Gifts of waivers on the bases of so-called non-proliferation record

By Beenish Altaf

India, still could not manage to get in to the cartel of civil nuclear trade (the NSG). This is due to the certain fact of Indian poor non-proliferation credentials recognized internationally. The decision on NSG membership could not be bothered whatever Indian officials state for themselves. For instance, Indian External Affairs Ministry Spokesperson Vikas Swarup said “India is not seeking NSG membership as a gift and that India is seeking it on its non-proliferation record.” But the very fact is quite opposite to that owing to the very basic aspect that India is a non-NPT state wherein NSG membership resides for states Party to the Treaty.

About Indians first nuclear test it has been written a lot in post-nuclear suppliers group’s debate that it was actually a device derived from Canadian and US exports designated purely for peaceful purposes. It was this so called peaceful nuclear test that compelled the United States and numerous other countries to create the Nuclear Suppliers Group to restrict global nuclear trade more relentlessly.

The West is cracking down some bona fide integer with regards to the Indian nuclear security; especially India’s potential of becoming a hefty fissile material proliferator of the South Asian region. Besides the Indo-US strategic partnership aiming at mutual outcomes, there are several reports in the print and social media by US think tanks and policy-making institutions expressing similar apprehensions.

There was a report by the Belfer Centre for Science and International Affairs of the Harvard Kennedy School titled “The Three Overlapping Streams of India’s Nuclear Programmes”. It actually identifies the problems in India’s nuclear program arising from gaps in the commitments New Delhi had made after its nuclear deal with the US, and in its separation plan, its Safeguards Agreements and its Additional Protocols. The relationships and overlaps between its three streams of nuclear program — civilian safeguarded, civilian unsafeguarded, their civil and military programs — observed in the report are not transparent.

On the contrary, the international community is continually portraying India’s nuclear tract record as an A grade thing that is of the beam. This could be to achieve their (big powers) self-centered goals by posing India so. After the US, many other countries have followed the suit by engaging India into similar kind of uranium deals (Indo-US Nuclear Deal) for dual purpose. Consequently, it has worse and diverse implications for the South Asian nuclear region.

By these nuclear / uranium deals especially the Indo-US nuclear deal, India’s Nuclear weapons would surely be benefited without having any burden on its indigenous resources. It would give India access to huge reserves of fissile material that would be more than enough for upgradation and enhancing its number of nuclear weapons. It would result in the vertical proliferation that would ultimately initiate an enhanced arms race in the South Asia region. Secondly, the move would also smash up the entire emphasize of the non-proliferation regime.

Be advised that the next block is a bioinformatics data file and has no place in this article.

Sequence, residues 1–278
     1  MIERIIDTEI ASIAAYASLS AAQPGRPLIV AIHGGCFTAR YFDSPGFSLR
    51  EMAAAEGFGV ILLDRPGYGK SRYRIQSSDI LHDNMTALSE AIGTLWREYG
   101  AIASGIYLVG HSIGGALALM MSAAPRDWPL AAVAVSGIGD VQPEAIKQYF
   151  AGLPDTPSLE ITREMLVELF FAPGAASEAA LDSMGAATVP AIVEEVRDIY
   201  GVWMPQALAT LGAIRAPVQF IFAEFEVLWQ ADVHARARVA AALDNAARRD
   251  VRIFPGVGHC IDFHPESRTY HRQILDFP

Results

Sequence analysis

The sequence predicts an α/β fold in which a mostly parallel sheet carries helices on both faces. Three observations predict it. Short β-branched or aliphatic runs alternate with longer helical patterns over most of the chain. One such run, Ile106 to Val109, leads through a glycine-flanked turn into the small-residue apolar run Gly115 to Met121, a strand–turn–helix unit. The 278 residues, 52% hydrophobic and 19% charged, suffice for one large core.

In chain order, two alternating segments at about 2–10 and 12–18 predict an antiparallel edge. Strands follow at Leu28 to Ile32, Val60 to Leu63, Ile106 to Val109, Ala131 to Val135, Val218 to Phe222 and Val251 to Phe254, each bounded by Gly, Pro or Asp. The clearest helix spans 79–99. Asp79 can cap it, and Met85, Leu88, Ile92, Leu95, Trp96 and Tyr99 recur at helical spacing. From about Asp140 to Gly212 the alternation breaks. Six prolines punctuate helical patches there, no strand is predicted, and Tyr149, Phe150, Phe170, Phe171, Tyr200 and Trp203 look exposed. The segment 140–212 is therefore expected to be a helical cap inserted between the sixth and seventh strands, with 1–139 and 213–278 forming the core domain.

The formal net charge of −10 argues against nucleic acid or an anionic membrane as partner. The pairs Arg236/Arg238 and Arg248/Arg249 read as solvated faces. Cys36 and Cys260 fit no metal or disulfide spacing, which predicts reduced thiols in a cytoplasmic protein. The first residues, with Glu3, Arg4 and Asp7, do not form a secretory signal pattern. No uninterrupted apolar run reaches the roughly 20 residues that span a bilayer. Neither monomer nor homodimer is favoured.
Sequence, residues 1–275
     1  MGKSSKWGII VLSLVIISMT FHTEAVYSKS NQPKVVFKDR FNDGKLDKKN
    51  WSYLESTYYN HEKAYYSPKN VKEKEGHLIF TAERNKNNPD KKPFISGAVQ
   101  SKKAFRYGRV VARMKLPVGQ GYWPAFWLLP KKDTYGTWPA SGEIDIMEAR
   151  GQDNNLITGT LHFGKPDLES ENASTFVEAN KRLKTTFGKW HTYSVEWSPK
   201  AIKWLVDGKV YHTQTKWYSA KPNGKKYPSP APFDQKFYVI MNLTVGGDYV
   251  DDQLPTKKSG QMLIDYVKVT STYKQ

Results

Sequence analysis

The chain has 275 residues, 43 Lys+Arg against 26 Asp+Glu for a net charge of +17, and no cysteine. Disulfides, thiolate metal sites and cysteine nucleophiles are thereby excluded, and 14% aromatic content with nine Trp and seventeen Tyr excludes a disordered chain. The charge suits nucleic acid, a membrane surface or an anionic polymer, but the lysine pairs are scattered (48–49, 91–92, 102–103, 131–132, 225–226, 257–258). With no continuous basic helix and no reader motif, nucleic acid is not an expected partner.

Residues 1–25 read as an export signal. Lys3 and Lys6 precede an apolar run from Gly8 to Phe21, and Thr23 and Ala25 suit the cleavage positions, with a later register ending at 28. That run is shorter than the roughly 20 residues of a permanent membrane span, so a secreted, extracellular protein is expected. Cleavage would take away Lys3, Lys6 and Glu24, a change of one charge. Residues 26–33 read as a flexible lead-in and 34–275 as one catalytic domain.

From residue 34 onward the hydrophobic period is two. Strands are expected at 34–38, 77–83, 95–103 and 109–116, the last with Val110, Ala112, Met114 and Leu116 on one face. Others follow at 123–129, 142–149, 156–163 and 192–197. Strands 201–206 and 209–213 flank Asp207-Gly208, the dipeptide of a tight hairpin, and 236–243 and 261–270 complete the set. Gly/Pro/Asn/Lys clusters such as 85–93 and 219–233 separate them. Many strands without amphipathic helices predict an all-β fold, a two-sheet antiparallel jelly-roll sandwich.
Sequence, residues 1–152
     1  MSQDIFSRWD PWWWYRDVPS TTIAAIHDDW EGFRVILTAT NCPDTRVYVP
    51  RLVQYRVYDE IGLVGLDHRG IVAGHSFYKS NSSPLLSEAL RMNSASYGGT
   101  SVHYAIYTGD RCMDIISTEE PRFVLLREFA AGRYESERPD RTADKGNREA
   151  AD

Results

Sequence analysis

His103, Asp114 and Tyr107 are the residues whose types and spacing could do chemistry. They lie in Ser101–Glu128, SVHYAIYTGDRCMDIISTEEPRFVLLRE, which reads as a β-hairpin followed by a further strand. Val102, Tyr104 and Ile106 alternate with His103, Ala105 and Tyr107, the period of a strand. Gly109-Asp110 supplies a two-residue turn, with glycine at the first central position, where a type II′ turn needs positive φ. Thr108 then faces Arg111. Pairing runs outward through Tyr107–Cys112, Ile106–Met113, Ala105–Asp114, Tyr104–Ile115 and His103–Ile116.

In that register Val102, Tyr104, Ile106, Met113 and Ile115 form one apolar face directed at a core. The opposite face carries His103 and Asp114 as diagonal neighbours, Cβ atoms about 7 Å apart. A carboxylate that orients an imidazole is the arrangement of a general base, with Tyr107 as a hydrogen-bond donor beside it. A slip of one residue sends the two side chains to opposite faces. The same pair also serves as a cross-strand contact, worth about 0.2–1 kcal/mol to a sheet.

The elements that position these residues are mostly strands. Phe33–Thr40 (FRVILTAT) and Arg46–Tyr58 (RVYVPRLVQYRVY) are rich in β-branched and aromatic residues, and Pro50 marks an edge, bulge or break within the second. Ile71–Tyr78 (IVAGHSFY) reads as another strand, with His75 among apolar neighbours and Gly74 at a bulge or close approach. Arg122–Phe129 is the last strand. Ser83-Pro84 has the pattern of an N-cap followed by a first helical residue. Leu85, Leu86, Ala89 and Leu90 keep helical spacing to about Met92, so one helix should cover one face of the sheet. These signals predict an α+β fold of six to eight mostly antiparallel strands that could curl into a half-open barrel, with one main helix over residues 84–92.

So in actual, admittedly, India has nothing to give in return to so many deals happening day by day on the name of so called good proliferation record of Indian. Instead, Indian nuclear program is unsafe, saying that India’s civilian nuclear energy project, which is being expanded with the help of countries like the United States, can create new potential pathways to the acquisition of fissile material that could be diverted for military purposes.

It is also clear that India has a poor nuclear materials safety record. According to the NTI (Nuclear Materials Security Index), which assesses the security of nuclear materials around the world, India scores below Pakistan, and is ranked only above North Korea and Iran. Thus, assessing all of together, the picture depicts not only the poor state of export controls in the country but further shows the intricate associated concerns of nuclear proliferation and misuse.

For India, NSG membership could [may] boost its international standing as a responsible atomic power and also give it greater influence on issues related to global nuclear trade as many countries are already in line with similar kind of deals as of 2008. However, the country would be the only member of the body that has not signed up to the NPT; signaling an open discriminatory act towards Pakistan. Since, the NSG decisions as taken on consensus, firstly China has reaffirmed it not going to happen, but if it happens then India would always stand against any civil trade with Pakistan. Resultantly, would lead to regional nuclear arms race as India is and would remain out of NPT and would neither sign the treaty.

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Beenish Altaf

Beenish Altaf is working as a Research Associate at the Strategic Vision Institute, an Islamabad based think tank. Her areas of research are nuclear non-proliferation and strategic issues of South Asia. She has a masters degree in Defence and Diplomatic Studies from Fatima Jinnah Women University.

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